Spielberg to take on Napoleon
05:00 AM, Mar 14, 2013
Filmmaker Steven Spielberg collaborated with the spirit of the late director Stanley Kubrick, when he made Kubrick’s unreleased film, A.I. Artificial Intelligence, in 2001, two years after his death at 70.
Now comes word that Spielberg is set to bring Kubrick’s long discussed but never-filmed script on the life of Napoleon to television. Kubrick had hoped to make his intently researched portrait of Napoleon in the ’70s, and believed he would be making “the best movie ever made.” But he abandoned it when studio funding wasn’t forthcoming.
Spielberg, though, is working in collaboration with Kubrick’s family, and plans to refashion the script as a television miniseries.
That’s on top of the Lincoln director’s upcoming plans for a sci-fi film called Robopocalypse and a fifth Indiana Jones film, plus projects he’s producing with other directors including a fourth Jurassic Park film, and two more Adventures of Tintin films, among others.
Meanwhile, I noticed some interesting things about Spielberg last week while watching an interview with the director, taped a few years ago for Inside the Actors Studio. In it, he told host James Lipton he always watches four specific films before he begins work on his next film: Akira Kurosawa’s The Seven Samurai, David Lean’s Lawrence of Arabia, Frank Capra’s It’s a Wonderful Life, and John Ford’s The Searchers.
He also reported that as a young filmmaker, learning the trade, he would frequently watch classic films repeatedly, but with the sound off. That way, the visual techniques become more obvious, and better explain themselves. I suspect this is an exercise Spielberg learned from Orson Welles. Before making his debut film, Citizen Kane, the Hollywood rookie famously watched Ford’s Stagecoach 50 times, without sound.
SUSAN B. AND BUFFALO B. While recently reading the bestseller of a few years ago, The Devil in the White City by Erik Larson, my wife started giggling. When I asked why, she read a passage aloud. The book is non-fiction, but written in novelistic style, and it is centered at the 1893 Chicago World’s Fair.
Well, she read, Rochester’s own Susan B. Anthony was an eager attendee of the Fair. And, while she was there, the famed suffragette was confronted by a male member of a group of religious zealots who believed the Fair should not be open on the Sabbath.
“Deploying the most shocked analogy he could muster, the clergyman asked Anthony if she’d prefer having a son of hers attend Buffalo Bill’s show on Sunday (at the Fair) instead of church. Yes, she replied, ‘he would learn far more …’ To the pious this exchange confirmed the fundamental wickedness of Anthony’s suffragist movement.”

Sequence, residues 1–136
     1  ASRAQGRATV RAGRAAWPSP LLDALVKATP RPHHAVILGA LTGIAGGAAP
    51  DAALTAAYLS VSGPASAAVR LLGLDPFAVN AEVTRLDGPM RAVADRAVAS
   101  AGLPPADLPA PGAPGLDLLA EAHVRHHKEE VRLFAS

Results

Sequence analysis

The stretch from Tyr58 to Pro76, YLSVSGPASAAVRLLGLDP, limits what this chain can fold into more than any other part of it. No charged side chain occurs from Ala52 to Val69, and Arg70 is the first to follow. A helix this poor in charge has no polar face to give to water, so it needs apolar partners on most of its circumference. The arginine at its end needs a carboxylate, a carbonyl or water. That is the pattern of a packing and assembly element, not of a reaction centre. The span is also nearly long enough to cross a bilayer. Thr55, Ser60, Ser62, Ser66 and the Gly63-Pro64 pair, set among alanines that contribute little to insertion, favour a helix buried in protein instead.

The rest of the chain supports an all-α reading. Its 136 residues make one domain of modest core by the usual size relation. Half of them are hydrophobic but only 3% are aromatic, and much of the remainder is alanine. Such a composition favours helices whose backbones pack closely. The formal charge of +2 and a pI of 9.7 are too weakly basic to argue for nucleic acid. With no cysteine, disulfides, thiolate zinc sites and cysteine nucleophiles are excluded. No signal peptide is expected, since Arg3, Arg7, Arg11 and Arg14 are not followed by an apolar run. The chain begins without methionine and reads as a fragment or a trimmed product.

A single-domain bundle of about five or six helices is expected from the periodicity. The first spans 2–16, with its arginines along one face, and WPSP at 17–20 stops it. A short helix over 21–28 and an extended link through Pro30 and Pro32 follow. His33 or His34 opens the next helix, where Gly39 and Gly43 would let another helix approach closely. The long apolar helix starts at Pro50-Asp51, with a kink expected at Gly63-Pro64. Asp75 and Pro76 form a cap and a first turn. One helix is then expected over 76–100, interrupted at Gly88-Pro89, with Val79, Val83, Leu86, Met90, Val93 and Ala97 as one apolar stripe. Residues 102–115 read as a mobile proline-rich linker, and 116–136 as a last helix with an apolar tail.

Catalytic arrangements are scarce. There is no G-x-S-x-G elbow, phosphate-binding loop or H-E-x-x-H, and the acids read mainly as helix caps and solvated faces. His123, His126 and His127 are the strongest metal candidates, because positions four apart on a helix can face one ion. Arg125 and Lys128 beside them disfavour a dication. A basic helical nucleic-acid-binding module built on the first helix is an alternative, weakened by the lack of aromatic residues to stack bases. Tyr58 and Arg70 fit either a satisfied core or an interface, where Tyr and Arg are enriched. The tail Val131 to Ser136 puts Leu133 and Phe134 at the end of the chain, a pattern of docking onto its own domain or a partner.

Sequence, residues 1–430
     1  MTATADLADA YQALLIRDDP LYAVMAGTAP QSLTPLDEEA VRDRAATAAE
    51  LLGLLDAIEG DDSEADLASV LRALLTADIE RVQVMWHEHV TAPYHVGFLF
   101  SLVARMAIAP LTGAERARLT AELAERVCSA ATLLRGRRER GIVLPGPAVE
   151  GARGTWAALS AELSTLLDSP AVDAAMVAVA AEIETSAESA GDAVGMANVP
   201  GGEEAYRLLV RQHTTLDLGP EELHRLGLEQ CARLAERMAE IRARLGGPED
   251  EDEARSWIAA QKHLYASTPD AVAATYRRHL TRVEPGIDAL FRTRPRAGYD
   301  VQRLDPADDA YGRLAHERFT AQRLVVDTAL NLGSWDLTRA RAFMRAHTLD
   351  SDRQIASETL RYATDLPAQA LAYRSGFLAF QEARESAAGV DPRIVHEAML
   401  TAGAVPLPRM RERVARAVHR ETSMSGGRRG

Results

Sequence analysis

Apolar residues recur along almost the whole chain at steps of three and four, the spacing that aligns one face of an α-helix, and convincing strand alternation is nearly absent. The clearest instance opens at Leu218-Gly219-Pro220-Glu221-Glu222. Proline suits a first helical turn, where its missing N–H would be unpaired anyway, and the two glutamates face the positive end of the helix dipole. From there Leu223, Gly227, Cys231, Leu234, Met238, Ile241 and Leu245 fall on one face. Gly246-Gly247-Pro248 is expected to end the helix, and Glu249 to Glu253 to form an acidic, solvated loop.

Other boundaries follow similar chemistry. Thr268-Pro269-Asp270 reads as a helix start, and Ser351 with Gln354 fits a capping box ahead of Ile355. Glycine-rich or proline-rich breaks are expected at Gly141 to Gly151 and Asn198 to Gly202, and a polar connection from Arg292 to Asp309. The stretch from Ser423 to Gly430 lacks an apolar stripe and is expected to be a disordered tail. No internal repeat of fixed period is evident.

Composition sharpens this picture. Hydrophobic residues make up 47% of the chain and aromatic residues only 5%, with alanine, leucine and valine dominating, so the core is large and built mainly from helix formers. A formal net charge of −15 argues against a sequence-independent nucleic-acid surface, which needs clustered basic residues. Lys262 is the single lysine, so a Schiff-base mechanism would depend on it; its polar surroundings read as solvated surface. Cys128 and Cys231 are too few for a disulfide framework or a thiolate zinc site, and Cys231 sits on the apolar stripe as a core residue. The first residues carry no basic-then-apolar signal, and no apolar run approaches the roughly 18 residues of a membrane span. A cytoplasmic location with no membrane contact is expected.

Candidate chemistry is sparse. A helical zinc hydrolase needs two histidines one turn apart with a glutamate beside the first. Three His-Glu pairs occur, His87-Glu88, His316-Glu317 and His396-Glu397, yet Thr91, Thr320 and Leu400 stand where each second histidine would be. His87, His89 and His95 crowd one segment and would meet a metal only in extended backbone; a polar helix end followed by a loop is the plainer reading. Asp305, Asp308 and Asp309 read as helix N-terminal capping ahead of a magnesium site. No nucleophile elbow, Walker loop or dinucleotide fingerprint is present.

Larson writes that when Buffalo Bill Cody heard of the exchange he was “tickled,” sent Anthony a thank-you note, and invited her to a box seat at his show at the Fair. The night she came, Cody rode in dramatically, right up to her box, took off his hat, and made a gallant, sweeping bow on horseback. Larson continues, “Anthony stood and returned the bow and ‘enthusiastically as a girl,’ a friend said waved her handkerchief at Cody.
Larson adds that the moment signified “one of the greatest heroes of America’s past saluting one of the foremost heroes of its future.” He adds that the exchange brought a thunderous standing ovation from the crowd.
Leonardo DiCaprio has the rights to Larson’s book, though no movie is yet in production. And, of course, there’s no way to know if this wonderful moment will make it into any film that might get made.
WHITE HOUSE ENVELOPE. A reader told me this week she once worked for Price Waterhouse, the firm that so famously and carefully guards the envelopes that contain the names of Oscar winners. And she knows, as do most of us who’ve often watched the Academy Awards, that two employees from the firm are backstage in Los Angeles and present each envelope to each presenter. So, she asked, how did Michelle Obama get the envelope in Washington to announce Argo as the best picture winner?
According to the Los Angeles Times and other ex-post-facto press reports, the Michele Obama appearance was a carefully kept secret for a few weeks. They had hoped to get the First Lady to the Oscar ceremony, but she was required in Washington that night for a dinner with the nation’s governors. So, a trusted employee of Price-Waterhouse was dispatched to the White House on Oscar night to personally hand the envelope to Mrs. Obama. Reportedly, Jack Nicholson had a duplicate of the envelope in L.A., which he could open in case of a technical problem.
Interestingly, the White House even waived its hard-and-fast rule that envelopes coming into the White House be vetted. All involved have said Mrs. Obama opened the envelope herself, on camera, and live.